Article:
Nomadic Crane Breaking the Mold

NOMAD freestanding cranes solved problems and eliminated the need for outside contractors.

Huhtamaki

Huhtamaki, headquartered in Finland, is a global provider of sustainable food packaging solutions. With major customers coast to coast, including Walmart and some of our nation’s largest fast-food providers, all 18 facilities in the USA are busy.

Huhtamaki has multiple plants in Ohio that remain busy as well. Their two plants located in New Vienna, Ohio, specialize in making plastic Chinet tableware (cups and plates) along with ice cream lids, and their manufacturing processes rely heavily on large plastic injection molding presses. When changeover requires a new mold or when problems occur that require mold repair, time is of the essence. In the past, Huhtamaki relied on subcontractors and riggers. Availability, timing, and pricing varied, which could all be problematic. More important, Huhtamaki was not in complete control of its manufacturing process.

How NOMAD Cranes Solved Problems

NOMAD freestanding cranes solved the problems and eliminated the need for outside contractors, putting Huhtamaki back in control. To date, EMH has installed four low headroom, high capacity (20-25 ton) NOMAD freestanding crane systems in each of Huhtamaki’s four main production rooms. Huhtamaki now solves problems in a hurry and replaces molds on its own schedule. The company is no longer at the mercy of outside contractors and riggers. Pricing variations are no longer an issue either.

NOMAD cranes solved other problems too. For instance, when contractors and riggers were commissioned before, typical rigging constraints required laborers to lift and remove heavy molds from injection molding machines at an angle. Considering that mold weights ranged from around 7,000 pounds to as heavy as 55,000 pounds, shimmying them out of the machine at an angle was no easy task and could be problematic. Rigging crews had to perform their job with precision. Slight bumps could cause problems. Freestanding NOMAD cranes easily solved the problem because the cranes could be assembled and positioned so that the molds could be lifted perpendicular to the floor, or straight up for easy removal and replacement. Plus, if a change in machine position was ever required, the freestanding cranes could accommodate that as well. Base plate design allows most NOMAD systems to be installed without footers. And with bolted assembly, NOMAD free standing crane systems are easily dismantled, relocated, and reassembled as needed.

NOMAD Cranes are available for one, two, three or four-cell manufacturing systems, with safety-enclosed-type runway electrification, brackets that are welded on runway support columns, and with the conductor bars installed in the field. Each system comes complete with mounting plates, bolts, and bumpers and with top running end-truck travel speeds of 80 or 120 FPM (VFD). Wire rope hoists provide lifting speeds of 16/2.6 FPM with trolley speeds of 65 FPM (VFD). Bridge conductor cables are pre-wired to quick disconnect plugs. NOMAD Cranes come standard with radio control. Each system comes complete with a hand-held AAA operated radio controller. Rechargeable models are optional. A back-up pushbutton station can be provided as an option.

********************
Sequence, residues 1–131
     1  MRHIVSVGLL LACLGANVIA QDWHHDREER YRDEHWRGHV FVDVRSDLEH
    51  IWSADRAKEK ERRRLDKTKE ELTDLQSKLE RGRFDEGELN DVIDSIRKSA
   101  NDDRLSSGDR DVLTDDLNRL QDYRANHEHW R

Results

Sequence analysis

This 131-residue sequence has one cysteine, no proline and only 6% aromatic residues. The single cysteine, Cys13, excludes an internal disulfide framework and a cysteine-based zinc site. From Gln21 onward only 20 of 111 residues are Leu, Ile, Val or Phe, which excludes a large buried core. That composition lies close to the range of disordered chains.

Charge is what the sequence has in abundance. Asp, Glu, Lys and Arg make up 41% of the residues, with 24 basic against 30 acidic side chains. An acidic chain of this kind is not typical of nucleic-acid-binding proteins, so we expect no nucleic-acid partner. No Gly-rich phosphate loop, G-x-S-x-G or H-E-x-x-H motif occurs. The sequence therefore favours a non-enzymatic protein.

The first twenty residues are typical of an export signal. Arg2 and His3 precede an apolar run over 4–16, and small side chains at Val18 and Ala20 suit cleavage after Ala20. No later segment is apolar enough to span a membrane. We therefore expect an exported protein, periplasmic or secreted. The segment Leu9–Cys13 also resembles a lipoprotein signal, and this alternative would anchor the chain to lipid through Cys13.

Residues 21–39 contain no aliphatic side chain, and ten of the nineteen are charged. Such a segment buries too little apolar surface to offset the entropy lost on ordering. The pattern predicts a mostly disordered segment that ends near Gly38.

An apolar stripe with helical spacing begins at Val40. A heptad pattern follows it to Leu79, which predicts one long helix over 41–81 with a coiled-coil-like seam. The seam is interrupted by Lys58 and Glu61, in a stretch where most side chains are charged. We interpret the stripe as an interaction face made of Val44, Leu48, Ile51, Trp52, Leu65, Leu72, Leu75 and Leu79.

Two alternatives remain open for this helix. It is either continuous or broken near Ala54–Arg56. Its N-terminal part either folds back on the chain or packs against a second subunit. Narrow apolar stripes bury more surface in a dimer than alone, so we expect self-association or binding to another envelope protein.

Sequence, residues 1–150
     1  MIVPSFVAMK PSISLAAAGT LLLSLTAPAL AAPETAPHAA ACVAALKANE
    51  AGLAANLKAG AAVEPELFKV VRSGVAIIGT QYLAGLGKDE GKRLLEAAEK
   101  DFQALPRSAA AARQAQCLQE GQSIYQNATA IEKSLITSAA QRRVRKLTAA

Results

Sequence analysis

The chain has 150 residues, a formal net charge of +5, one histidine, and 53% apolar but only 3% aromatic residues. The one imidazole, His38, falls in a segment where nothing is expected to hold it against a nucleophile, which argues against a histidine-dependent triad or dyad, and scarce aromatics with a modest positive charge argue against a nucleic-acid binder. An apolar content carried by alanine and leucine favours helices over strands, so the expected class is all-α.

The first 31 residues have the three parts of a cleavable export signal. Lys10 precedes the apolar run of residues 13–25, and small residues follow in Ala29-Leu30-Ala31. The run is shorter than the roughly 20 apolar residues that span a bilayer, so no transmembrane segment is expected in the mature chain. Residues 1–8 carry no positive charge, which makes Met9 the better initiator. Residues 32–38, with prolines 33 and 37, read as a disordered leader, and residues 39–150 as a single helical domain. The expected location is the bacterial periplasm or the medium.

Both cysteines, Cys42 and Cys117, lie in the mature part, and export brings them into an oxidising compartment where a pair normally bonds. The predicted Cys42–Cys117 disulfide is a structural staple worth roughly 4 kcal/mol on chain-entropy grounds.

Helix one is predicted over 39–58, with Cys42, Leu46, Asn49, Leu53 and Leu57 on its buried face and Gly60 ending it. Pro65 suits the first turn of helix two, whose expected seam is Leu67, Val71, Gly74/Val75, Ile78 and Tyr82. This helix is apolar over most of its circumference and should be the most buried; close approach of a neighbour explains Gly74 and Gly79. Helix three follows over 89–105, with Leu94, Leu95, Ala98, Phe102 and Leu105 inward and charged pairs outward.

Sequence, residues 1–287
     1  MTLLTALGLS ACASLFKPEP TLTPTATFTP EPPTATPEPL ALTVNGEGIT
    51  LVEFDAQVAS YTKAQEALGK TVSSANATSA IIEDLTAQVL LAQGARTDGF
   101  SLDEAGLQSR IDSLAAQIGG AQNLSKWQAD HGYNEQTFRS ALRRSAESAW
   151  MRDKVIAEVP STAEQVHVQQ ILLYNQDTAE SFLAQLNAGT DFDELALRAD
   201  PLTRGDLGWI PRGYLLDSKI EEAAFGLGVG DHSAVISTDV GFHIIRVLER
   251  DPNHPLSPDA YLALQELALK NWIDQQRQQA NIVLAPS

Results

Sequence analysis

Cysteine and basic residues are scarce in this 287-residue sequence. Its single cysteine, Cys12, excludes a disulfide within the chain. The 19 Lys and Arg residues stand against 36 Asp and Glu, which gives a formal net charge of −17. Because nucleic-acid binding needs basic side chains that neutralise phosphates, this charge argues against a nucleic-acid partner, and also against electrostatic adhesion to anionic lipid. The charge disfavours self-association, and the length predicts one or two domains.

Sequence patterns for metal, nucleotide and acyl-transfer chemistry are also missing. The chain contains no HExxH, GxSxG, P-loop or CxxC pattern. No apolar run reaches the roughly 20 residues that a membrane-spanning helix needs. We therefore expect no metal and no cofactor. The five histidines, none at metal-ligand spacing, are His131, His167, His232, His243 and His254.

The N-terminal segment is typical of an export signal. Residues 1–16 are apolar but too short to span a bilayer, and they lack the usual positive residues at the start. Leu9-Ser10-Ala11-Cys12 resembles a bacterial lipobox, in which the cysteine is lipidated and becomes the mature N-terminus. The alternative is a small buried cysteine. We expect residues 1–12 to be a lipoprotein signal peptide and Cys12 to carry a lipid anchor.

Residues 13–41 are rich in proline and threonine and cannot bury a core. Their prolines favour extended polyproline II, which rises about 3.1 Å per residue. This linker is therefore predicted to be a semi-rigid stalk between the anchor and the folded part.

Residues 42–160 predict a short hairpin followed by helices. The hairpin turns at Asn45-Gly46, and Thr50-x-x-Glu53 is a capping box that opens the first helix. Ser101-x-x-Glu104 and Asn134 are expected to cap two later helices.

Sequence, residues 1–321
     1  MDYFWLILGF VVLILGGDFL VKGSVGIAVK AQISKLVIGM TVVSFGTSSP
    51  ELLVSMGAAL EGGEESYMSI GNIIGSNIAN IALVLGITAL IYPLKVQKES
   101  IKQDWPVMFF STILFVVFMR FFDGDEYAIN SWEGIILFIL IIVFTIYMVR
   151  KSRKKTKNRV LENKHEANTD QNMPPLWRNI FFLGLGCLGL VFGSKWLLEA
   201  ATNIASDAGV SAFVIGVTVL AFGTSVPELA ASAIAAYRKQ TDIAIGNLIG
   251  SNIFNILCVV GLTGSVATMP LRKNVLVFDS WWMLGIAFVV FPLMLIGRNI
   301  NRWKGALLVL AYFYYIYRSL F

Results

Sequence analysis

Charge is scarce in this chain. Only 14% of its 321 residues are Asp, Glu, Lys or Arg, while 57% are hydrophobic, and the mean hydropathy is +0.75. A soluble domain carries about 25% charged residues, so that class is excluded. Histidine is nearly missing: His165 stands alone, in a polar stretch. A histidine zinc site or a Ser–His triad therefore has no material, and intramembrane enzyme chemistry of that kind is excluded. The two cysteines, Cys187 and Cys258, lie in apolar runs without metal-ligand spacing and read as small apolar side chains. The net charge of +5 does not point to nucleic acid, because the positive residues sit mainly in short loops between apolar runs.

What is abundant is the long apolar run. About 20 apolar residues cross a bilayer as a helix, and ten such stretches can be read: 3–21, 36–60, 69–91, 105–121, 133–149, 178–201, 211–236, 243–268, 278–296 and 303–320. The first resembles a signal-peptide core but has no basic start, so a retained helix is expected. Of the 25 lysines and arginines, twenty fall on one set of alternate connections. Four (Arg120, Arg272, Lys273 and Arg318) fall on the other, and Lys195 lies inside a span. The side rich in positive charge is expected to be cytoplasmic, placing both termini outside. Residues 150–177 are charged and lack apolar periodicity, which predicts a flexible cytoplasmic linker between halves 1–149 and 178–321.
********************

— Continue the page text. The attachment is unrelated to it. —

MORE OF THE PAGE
Extra Wide NOMAD Cranes

A customized EMH NOMAD XW (extra wide) freestanding crane was EMH’s most recent solution for Huhtamaki in New Vienna. EMH customized it to the company’s specific layout, with a 250-foot length and 50-foot span. Column spacings varied to fit the production floor. There were no headers to maximize the hook height on the system. EMH also provided a step box girder, allowing the hoist to ride between the bridge girders, maximizing lift over the injection mold machines but under the roof trusses.

Crane capabilities eliminated other issues too. With bolted assembly and flexibility, EMH was able to best position the crane to optimize Huhtamaki floor space. Then, because the crane could be assembled, disassembled, and reassembled again so easily, repositioning the crane was not a problem. According to a Huhtamaki MCP Manufacturing Engineer, “EMH had to shift the crane around three or four times to get the crane columns into the exact position we wanted, and because the foundation floor was not perfectly level, EMH had to shim and adjust some of the columns so that the crane would be perfectly level. Within 10 days the freestanding crane was fully tested and in full operation.”

Commenting on NOMAD freestanding crane performance in general, the same engineer said, “We have been extremely pleased with EMH and their freestanding cranes. We now have one positioned over every plastic injection molding machine in our facility and have never had a problem. It’s why we’ve never considered another crane solution from another manufacturer. We are especially pleased because we sometimes press these cranes to lift some of our heaviest molds, which are close to the crane’s recommended weight limit. We have never experienced a problem.”

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